At PwC, you don't work and study at the same time - same with most of the top 10 firms. You go to college for tuition by day and study by night and weekends. Then you take the exam. It's tough going, mainly because you put a lot of work in, and if you fail you have to re-sit out of your own time. If you fail badly (i.e 10% below the pass mark) you lose your job. This gets increasingly more pressured the more you go on as if you lose your job, none of the other big 4 will look at you either.

You get a hell of a lot of training before they send you off to meet clients, we arrived in October and didn't do any client facing work until January. It is mainly a mix of technical stuff to know about the job and softer skills when dealing with clients. Audit isn't rocket science so I would say that you do 99% of your learning on the job, so the training is tedious to say the least.

Salary (London - audit):
1st year: 26,500
2nd year: 28,000
3rd year 31,550

You get benefits on top of c10% - dont expect a bonus.

@ CPotter999

1) both Chris and myself were in assurance (audit). In my experience it is unlikely to move in the 3 years. It does happen, I met a few people who moved from tax to audit - never the other way round...infact never audit to any other business line. The reason being that there are always people needed to do audit work, whereas other areas i.e tax, corporate finance, business recovery tend to need specific skills or continuity iin their teams. There is however scope to move around post qualification but this is not as simple as just transferring. After 3 years you have built up relationships with clients, teams etc, coupled with resourcing issues (i.e a lot of people leave after qualification) you really have to persevere if you want to move around - but by no means impossible.

2) See above, when you qualify the salary is 42,900

3) When you join, your position is permanent. If anything, after you qualify it is them who are doing their best to keep you. I left because I wanted to move into banking.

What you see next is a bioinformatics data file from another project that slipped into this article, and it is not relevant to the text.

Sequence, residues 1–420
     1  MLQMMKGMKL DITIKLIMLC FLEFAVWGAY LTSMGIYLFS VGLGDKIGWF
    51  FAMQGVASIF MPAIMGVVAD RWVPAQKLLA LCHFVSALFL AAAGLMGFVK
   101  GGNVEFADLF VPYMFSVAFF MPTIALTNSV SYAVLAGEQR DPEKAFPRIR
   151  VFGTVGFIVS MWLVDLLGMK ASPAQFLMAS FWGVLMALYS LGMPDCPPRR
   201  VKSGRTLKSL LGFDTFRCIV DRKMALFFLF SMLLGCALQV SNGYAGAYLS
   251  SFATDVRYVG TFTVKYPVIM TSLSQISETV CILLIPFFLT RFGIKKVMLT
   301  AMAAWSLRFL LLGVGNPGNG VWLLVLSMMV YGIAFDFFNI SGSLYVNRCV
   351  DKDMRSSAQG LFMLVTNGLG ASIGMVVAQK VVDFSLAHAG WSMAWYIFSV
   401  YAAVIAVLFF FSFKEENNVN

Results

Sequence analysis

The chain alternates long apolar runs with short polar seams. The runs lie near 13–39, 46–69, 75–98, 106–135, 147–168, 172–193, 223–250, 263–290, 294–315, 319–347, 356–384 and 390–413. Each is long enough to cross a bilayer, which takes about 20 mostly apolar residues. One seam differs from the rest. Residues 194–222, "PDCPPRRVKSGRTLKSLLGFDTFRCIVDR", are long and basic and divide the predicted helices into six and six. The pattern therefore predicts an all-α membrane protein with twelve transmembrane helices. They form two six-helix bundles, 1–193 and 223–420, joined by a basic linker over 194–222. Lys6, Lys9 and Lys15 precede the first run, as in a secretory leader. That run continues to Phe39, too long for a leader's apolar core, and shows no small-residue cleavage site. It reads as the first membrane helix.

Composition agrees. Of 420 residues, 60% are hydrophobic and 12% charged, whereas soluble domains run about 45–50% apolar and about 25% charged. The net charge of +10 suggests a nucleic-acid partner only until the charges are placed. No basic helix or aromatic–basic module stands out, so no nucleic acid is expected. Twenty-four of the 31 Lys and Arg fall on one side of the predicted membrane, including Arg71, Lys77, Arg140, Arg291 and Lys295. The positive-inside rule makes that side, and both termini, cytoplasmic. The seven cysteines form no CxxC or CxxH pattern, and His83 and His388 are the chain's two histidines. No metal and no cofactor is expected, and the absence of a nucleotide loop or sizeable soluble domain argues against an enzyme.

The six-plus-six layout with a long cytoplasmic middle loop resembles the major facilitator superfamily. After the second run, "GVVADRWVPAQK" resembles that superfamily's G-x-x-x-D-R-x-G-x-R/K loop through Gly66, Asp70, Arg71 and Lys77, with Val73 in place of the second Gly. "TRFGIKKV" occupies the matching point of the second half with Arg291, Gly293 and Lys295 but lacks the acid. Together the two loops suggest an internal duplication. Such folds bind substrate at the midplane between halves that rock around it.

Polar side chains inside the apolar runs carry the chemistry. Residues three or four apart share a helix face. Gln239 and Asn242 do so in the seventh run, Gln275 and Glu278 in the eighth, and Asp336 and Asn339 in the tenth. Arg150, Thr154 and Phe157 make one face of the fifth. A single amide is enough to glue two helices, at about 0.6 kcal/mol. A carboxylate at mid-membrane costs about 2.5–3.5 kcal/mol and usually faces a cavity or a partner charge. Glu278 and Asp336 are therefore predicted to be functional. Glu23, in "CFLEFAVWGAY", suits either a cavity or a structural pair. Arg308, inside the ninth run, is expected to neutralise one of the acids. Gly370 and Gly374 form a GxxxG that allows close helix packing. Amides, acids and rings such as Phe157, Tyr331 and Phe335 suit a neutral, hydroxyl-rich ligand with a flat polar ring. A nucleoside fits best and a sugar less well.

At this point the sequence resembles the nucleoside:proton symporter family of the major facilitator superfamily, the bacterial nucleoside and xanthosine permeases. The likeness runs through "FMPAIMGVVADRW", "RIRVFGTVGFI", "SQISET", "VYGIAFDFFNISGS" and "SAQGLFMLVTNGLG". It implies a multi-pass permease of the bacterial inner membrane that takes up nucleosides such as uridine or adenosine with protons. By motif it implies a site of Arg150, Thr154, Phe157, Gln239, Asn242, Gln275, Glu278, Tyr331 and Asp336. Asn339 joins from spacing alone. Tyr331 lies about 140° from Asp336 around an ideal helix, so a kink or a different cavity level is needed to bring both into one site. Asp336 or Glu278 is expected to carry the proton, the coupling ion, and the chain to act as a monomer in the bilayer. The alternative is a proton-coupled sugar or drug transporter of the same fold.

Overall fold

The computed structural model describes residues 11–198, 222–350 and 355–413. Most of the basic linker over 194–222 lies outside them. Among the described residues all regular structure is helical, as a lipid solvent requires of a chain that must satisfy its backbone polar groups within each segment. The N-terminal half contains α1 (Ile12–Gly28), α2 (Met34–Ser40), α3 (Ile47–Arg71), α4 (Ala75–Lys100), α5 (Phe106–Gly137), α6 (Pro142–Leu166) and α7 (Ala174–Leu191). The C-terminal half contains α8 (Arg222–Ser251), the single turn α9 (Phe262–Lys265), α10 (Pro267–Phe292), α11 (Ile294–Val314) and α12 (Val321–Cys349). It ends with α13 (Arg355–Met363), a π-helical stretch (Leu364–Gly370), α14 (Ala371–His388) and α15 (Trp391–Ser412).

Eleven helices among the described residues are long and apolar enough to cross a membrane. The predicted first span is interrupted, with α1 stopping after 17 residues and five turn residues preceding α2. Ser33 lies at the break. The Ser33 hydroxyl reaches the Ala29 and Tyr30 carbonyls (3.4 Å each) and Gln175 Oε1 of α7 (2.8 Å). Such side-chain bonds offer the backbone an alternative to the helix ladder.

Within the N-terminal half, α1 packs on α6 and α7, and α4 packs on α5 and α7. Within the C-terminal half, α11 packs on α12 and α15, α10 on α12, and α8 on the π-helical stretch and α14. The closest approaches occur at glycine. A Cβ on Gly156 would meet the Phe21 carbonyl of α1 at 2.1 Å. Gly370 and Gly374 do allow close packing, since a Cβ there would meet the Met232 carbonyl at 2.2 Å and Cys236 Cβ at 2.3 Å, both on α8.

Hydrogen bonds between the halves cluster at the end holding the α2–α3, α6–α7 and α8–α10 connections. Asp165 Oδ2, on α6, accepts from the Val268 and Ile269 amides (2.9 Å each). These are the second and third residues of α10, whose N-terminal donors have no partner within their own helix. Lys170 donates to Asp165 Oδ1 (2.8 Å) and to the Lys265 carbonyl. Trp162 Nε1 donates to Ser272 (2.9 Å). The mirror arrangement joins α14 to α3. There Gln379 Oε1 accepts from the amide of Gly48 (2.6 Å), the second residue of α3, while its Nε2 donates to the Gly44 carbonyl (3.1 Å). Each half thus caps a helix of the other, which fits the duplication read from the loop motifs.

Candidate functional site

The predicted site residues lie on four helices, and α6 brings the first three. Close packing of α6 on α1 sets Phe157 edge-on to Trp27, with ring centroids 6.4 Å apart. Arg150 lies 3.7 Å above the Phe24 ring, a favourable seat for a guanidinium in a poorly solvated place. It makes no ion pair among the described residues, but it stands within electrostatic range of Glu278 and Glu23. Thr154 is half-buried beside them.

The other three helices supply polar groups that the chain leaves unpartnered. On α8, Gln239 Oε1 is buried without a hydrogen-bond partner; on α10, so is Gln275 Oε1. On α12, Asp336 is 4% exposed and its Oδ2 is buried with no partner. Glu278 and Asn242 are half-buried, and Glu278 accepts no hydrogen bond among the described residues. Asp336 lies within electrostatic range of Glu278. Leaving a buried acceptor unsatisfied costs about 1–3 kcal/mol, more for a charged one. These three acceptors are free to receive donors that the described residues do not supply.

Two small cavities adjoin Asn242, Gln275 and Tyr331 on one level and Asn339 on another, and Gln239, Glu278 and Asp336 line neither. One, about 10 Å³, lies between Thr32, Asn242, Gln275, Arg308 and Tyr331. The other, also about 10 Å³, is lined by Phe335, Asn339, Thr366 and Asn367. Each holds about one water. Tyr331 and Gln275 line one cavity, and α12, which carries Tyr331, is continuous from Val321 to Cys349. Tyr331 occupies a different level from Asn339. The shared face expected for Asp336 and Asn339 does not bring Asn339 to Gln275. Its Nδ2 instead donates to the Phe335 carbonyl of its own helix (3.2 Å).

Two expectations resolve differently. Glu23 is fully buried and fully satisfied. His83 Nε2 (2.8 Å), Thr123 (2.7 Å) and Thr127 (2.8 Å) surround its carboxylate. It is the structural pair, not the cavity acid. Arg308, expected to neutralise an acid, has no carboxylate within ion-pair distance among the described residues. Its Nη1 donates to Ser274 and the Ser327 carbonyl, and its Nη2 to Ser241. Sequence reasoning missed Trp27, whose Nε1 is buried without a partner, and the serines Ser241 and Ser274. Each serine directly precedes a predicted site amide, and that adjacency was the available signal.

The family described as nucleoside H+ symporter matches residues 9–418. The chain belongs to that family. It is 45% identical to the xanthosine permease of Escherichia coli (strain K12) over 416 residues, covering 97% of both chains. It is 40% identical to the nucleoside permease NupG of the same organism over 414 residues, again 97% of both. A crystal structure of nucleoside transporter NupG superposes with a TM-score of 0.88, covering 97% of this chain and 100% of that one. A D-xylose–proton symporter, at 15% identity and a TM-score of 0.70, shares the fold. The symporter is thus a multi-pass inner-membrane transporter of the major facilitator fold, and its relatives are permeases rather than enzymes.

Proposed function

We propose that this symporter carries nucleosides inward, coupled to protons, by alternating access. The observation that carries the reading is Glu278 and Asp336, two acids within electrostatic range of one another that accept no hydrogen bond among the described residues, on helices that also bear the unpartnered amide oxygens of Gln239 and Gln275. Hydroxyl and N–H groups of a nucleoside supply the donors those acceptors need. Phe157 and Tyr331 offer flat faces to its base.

4) I'm currently doing equity research, I think Chris is setting a business up or something. There are a range of roles available to big 4 ACA qualified people (that is not to say you will just walk into them) I think it is fair to say that many of us had a misconception that once we gained our ACA, people would be falling over themselves to give us a job. You do get a lot of calls, but they are usually for (even more boring) jobs like product control or internal audit. There are a large amount of positions that you would be in a strong position for but the competition is fierce. NB: I was looking in a recession - so maybe im not the best to give an impression of post qualified job market.

Any other questions give me a shout!
Hi I was just wondering if it is possible to take your ACA exams (get qualified) but not become a member of ICAEW? I.e. you don't pay admission, subscription fees and don't have letters next to your name. Or do you have to join a parent body if you want a career in accountancy? Thanks!
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Mikesta
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#238
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(Original post by Cookie_m14)
Hi I was just wondering if it is possible to take your ACA exams (get qualified) but not become a member of ICAEW? I.e. you don't pay admission, subscription fees and don't have letters next to your name. Or do you have to join a parent body if you want a career in accountancy? Thanks!
The ACA is issued by the ICAEW. The only way you can take any exams and get the ACA qualification is through them. When qualified I know you can possibly look into transferring to a different institute (if you want to) and you may be exempt from some exams.
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akash11
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#239
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Can you complete the ACA in under 3 years at the big 4, providing you go down the graduate root ?
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alibee
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#240
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(Original post by akash11)
Can you complete the ACA in under 3 years at the big 4, providing you go down the graduate root ?
You cannot be awarded an ACA without 3 years of relevant experience. So even if you pass your exams early, the qualification takes 3 years.